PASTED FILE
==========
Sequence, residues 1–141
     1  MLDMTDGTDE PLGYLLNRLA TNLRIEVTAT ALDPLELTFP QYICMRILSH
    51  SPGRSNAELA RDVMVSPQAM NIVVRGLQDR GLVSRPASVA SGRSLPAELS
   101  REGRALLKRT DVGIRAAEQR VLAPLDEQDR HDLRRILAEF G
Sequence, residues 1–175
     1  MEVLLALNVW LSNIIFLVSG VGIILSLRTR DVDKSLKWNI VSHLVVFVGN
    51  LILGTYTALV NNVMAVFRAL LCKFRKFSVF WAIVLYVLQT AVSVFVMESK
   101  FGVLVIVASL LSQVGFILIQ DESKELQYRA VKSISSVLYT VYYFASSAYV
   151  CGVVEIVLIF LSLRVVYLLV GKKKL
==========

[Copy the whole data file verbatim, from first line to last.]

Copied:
Sequence, residues 1–141
     1  MLDMTDGTDE PLGYLLNRLA TNLRIEVTAT ALDPLELTFP QYICMRILSH
    51  SPGRSNAELA RDVMVSPQAM NIVVRGLQDR GLVSRPASVA SGRSLPAELS
   101  REGRALLKRT DVGIRAAEQR VLAPLDEQDR HDLRRILAEF G
Sequence, residues 1–175
     1  MEVLLALNVW LSNIIFLVSG VGIILSLRTR DVDKSLKWNI VSHLVVFVGN
    51  LILGTYTALV NNVMAVFRAL LCKFRKFSVF WAIVLYVLQT AVSVFVMESK
   101  FGVLVIVASL LSQVGFILIQ DESKELQYRA VKSISSVLYT VYYFASSAYV
   151  CGVVEIVLIF LSLRVVYLLV GKKKL